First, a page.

Need for authentic portrayals of disabilities in films and literature

Published On: July 11, 2023 09:00 AM NPT By: Jalasa Sapkota

The power of film and literature lies in their ability to captivate our minds and transport us to different realms of imagination. Yet, when it comes to depicting individuals with disabilities, these artistic mediums frequently miss the mark, propagating stereotypes and lacking genuine and nuanced portrayals. While it is important to acknowledge that art may not always strive for realism, we must also address the impact of exaggerated portrayals and the need for more authentic representations. In this context, exploring the regressive representation of persons with disabilities becomes crucial, as it highlights the pressing demand for genuine and accurate portrayals in film and literature.

The limited portrayal of persons with disabilities in creative fields can be categorized into several archetypes. Firstly, there is the "Pity Portrayal," seen in certain Hindi films and English literature, where characters with disabilities are depicted solely as objects of pity and sympathy. These portrayals reinforce the notion that people with disabilities are incapable of leading independent and fulfilling lives, perpetuating a sense of helplessness and reliance on others. Another negative portrayal is the "Comic Relief Stereotype," where characters with disabilities are used for comedic purposes, often exaggerating their disabilities and subjecting them to mockery and ridicule. This type of depiction fosters the belief that people with disabilities are meant to be laughed at rather than respected. Additionally, the "Villainous Representation" associates individuals with disabilities with evil or malicious nature, establishing a harmful association between disability and immorality. Such portrayals further perpetuate negative stereotypes and contribute to fear or distrust towards people with disabilities. Lastly, there is the "Inspirational Trope," where characters with disabilities are portrayed as inspirational solely because of their disability. While the intention behind this portrayal may be positive, it reduces their identity to their disability and disregards their individuality and diverse experiences. To address these claims, I will analyze a few examples from both Hindi films and English literature.

Issues in Bollywood Representation:

Disability in Bollywood often falls victim to tired clichés and stereotypes. Disabled characters are consistently reduced to mere plot devices, either for comic relief or as catalysts for dramatic twists. Unfortunately, these portrayals rarely strive for realism or seek to educate audiences about the genuine experiences and challenges faced by individuals with disabilities. Instead, their disabilities are frequently sensationalized or transformed into superhuman abilities, suggesting that acceptance and respect can only be earned by transcending their limitations. A glaring example of this regressive portrayal can be seen in the 2003 film "Koi... Mil Gaya," where the character Rohit, who has a mental disability, starts off as childlike and incapable. However, an encounter with an extraterrestrial being enhances his cognitive abilities, turning him into a superhuman with extraordinary powers. This depiction reinforces the notion that individuals with disabilities can only be valuable to society if they possess exceptional abilities or powers. Another troubling instance can be found in the 1981 film "Dhanwaan," where the rich and arrogant atheist Rajesh Khanna becomes blind and can only regain his vision by repenting and turning to God. Furthermore, in the cult classic "Gunda" (1998), the character "Bulla," portrayed as a visually impaired man, is depicted as a villain. His disability is utilized to accentuate his negative traits, presenting him as more menacing.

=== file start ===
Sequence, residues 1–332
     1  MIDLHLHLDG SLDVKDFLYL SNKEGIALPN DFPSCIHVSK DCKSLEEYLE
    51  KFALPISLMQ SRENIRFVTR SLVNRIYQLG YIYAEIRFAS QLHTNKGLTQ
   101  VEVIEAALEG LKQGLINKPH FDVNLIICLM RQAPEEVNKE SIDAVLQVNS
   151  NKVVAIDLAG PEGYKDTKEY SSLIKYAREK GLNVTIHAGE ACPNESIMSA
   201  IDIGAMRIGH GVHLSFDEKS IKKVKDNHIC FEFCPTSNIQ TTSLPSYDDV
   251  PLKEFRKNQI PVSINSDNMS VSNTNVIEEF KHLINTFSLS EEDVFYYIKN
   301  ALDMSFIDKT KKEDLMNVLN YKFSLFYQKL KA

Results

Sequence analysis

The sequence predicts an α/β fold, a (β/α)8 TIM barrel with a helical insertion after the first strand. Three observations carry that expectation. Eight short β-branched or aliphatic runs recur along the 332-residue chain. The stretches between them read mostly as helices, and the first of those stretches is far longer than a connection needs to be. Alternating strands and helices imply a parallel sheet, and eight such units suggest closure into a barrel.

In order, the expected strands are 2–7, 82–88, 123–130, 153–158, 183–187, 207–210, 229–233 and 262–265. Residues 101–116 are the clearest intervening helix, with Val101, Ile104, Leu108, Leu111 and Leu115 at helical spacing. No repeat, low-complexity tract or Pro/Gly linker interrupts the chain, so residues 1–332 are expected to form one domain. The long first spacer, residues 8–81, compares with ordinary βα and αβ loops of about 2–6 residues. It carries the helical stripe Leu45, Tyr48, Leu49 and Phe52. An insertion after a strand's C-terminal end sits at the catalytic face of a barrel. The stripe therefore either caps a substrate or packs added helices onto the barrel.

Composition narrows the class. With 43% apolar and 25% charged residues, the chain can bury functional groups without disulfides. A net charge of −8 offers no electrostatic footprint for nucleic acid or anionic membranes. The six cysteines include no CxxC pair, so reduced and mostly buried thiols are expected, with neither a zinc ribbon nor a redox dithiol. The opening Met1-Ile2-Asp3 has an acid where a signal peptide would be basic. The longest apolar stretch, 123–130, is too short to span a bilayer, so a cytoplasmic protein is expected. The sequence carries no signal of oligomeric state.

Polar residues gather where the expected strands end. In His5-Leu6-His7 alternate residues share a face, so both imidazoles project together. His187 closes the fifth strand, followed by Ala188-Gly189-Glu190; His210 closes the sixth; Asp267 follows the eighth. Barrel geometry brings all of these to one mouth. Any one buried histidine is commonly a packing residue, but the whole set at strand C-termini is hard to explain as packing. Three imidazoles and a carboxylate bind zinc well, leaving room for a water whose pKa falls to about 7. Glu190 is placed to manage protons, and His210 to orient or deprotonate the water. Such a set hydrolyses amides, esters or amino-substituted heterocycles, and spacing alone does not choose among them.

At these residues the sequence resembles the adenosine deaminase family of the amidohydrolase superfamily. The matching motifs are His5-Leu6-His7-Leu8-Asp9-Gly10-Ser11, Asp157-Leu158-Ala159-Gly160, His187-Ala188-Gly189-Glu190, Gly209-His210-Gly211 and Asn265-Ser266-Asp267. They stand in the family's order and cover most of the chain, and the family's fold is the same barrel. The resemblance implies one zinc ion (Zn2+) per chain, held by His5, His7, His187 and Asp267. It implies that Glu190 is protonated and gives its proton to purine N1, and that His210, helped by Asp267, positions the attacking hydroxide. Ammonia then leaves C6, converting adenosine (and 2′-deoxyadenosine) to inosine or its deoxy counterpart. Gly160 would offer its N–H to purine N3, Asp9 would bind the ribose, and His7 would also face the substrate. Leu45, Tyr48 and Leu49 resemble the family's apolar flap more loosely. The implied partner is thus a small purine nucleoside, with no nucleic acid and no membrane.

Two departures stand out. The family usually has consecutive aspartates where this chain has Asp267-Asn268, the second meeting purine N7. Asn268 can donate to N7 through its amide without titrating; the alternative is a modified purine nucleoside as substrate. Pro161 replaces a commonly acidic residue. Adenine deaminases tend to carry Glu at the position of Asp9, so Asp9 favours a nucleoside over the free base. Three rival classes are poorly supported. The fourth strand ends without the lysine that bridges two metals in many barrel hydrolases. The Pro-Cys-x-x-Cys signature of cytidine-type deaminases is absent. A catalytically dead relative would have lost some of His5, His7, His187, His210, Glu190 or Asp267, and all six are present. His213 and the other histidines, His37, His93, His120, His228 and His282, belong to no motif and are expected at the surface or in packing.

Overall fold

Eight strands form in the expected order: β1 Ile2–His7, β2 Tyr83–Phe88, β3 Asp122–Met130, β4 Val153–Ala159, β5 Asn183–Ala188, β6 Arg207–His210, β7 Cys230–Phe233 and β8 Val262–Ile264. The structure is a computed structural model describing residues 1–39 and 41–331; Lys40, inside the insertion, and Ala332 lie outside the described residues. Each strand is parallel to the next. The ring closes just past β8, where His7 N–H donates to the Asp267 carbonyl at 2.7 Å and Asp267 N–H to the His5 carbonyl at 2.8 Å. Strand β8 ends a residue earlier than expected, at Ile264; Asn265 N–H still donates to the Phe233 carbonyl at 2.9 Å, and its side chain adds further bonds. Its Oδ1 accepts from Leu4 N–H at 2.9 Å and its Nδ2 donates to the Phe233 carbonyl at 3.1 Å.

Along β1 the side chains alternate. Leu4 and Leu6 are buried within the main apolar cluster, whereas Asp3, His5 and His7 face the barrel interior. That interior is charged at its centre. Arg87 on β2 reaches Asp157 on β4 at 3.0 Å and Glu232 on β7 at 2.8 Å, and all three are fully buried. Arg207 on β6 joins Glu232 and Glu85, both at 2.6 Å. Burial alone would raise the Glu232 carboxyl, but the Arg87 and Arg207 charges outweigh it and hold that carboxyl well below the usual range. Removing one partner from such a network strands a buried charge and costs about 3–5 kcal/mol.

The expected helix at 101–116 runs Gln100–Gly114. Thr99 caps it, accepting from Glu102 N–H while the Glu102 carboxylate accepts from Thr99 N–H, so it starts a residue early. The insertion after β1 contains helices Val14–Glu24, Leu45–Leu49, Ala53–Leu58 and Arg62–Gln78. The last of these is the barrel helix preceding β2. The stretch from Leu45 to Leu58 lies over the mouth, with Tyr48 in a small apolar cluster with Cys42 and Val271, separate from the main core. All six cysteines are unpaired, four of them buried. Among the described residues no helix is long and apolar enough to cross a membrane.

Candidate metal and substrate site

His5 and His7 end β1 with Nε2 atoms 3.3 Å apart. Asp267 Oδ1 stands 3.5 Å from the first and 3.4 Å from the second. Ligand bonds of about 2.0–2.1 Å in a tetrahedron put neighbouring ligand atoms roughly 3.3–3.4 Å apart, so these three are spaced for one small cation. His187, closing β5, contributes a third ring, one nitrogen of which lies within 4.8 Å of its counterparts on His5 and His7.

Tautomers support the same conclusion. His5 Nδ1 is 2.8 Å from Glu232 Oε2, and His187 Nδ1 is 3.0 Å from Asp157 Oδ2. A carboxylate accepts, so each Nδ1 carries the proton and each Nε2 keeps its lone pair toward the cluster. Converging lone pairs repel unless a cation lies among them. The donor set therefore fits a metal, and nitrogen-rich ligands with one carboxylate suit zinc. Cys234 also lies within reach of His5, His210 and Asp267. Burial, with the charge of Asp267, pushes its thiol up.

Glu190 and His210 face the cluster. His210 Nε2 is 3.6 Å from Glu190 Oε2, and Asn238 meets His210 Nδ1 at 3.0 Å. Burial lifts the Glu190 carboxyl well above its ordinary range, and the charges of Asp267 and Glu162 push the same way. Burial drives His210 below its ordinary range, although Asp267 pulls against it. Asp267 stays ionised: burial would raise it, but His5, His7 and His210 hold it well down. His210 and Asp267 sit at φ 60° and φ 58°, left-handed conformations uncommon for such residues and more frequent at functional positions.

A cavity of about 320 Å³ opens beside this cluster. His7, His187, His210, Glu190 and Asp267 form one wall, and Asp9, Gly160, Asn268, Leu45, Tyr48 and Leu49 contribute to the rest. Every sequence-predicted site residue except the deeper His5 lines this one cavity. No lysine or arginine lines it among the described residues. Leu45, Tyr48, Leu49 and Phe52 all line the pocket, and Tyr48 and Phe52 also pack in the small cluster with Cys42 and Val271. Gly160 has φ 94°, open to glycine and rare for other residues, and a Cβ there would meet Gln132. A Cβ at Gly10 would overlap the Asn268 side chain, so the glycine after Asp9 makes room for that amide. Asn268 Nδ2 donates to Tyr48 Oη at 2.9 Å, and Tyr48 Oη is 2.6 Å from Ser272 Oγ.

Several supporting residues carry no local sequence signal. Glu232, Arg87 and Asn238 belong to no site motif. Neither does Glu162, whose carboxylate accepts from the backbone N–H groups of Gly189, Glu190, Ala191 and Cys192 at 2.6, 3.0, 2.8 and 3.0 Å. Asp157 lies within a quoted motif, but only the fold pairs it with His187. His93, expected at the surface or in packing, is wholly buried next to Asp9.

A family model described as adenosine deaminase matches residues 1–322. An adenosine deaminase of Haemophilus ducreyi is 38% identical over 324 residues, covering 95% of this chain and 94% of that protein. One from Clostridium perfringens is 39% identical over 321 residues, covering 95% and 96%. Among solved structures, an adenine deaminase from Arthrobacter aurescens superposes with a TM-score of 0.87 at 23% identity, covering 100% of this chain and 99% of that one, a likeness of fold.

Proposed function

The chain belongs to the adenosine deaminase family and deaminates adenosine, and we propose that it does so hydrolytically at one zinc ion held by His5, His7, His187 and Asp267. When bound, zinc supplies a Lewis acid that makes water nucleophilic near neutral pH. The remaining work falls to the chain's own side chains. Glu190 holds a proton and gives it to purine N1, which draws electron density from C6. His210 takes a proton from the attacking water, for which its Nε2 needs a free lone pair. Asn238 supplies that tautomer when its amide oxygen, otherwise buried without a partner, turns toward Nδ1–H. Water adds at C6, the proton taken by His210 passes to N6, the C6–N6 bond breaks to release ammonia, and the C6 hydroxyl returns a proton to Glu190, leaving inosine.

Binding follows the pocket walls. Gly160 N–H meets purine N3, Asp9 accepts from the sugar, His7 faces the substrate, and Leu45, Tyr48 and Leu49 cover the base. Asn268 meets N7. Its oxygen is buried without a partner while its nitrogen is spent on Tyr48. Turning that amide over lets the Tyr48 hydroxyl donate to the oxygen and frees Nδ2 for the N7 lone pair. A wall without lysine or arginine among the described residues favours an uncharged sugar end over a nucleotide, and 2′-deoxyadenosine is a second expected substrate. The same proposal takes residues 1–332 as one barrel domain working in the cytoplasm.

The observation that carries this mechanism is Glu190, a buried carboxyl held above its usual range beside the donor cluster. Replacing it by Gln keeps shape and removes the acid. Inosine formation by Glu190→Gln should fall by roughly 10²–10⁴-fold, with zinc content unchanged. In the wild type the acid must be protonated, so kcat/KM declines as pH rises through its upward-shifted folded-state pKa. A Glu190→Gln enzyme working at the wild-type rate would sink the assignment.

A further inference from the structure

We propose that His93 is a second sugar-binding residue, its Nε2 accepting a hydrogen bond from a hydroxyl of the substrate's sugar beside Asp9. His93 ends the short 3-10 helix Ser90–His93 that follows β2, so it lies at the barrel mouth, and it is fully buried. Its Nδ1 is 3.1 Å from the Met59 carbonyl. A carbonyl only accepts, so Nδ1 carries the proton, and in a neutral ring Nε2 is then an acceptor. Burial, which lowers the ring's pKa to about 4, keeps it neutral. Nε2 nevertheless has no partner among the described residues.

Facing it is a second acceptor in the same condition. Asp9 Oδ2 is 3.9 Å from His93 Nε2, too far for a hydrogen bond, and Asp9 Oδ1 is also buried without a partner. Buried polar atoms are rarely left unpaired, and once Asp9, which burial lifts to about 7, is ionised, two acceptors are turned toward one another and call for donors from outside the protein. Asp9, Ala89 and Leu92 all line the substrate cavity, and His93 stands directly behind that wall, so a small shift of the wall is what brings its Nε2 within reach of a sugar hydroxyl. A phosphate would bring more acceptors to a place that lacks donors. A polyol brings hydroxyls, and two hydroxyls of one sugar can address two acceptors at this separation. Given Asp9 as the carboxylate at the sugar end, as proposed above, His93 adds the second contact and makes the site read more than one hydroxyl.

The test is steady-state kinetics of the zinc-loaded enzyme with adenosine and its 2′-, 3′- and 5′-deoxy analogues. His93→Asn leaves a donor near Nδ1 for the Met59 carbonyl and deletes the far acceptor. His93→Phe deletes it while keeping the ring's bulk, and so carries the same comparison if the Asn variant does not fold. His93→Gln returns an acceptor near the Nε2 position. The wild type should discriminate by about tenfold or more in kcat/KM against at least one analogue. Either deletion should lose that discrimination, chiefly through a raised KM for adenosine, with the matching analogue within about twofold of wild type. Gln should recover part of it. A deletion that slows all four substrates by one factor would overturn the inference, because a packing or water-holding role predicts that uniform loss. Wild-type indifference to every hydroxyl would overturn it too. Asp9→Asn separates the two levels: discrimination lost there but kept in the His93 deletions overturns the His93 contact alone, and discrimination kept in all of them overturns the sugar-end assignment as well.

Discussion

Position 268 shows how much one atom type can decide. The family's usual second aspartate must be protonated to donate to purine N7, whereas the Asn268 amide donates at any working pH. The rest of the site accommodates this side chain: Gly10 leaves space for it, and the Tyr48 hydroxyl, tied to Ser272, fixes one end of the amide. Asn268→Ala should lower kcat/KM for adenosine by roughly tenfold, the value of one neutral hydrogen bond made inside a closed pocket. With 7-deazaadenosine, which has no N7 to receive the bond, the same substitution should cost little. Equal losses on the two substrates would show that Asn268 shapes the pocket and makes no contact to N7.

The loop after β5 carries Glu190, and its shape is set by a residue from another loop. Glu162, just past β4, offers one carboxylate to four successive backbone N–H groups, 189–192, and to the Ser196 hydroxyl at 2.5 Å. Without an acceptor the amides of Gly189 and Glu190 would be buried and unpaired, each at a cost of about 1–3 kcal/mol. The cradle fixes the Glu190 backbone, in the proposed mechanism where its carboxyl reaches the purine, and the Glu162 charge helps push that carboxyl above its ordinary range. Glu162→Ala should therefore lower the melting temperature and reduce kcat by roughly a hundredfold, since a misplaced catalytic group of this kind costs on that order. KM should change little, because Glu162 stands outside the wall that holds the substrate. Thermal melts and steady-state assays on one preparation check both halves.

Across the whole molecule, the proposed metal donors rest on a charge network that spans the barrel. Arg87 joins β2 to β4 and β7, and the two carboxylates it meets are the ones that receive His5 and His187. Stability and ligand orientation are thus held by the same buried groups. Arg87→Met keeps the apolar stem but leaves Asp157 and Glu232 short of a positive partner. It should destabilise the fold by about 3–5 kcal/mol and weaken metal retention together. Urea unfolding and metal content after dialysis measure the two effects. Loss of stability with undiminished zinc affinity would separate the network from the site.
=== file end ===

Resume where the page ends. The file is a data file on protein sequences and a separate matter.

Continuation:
Issues in Western Literature:

Western literature and drama have also faced criticism for their portrayal of disability. In William Gibson's play "The Miracle Worker," which recounts the story of Helen Keller and her teacher Annie Sullivan, the emphasis on Keller's extraordinary journey of overcoming her disabilities can inadvertently create unrealistic expectations. While Keller's story is undeniably inspiring, it risks overshadowing the experiences of other individuals with sensory impairments who may face different challenges and navigate distinct paths. This emphasis on exceptionalism can reinforce the notion that individuals with disabilities must accomplish extraordinary feats to be valued, thereby marginalizing those who cannot or do not aspire to such achievements.

Classic novels such as Harper Lee's "To Kill a Mockingbird" and John Steinbeck's "Of Mice and Men" also reflect the regressive representation of disability. In "To Kill a Mockingbird," the character Boo Radley, who experiences emotional and psychological disabilities, is depicted as a feared and misunderstood recluse. The townspeople's prejudice and discrimination against Boo stem from their ignorance and the harmful assumptions they make based on his disabilities. This portrayal perpetuates the stigmatization and marginalization of individuals with disabilities, reinforcing negative stereotypes that cast them as dangerous or deviant. Similarly, one can consider the character of Lennie Small in John Steinbeck's novel "Of Mice and Men" (1937). Lennie is depicted as a mentally challenged man whose childlike innocence and limited intellectual capacity are exploited for comic effect. His character is often used to create humor through his unintentional actions and misunderstandings, which can be seen as an exaggeration of his disabilities. This portrayal contributes to the stereotype that people with disabilities are sources of amusement rather than individuals deserving of empathy and understanding.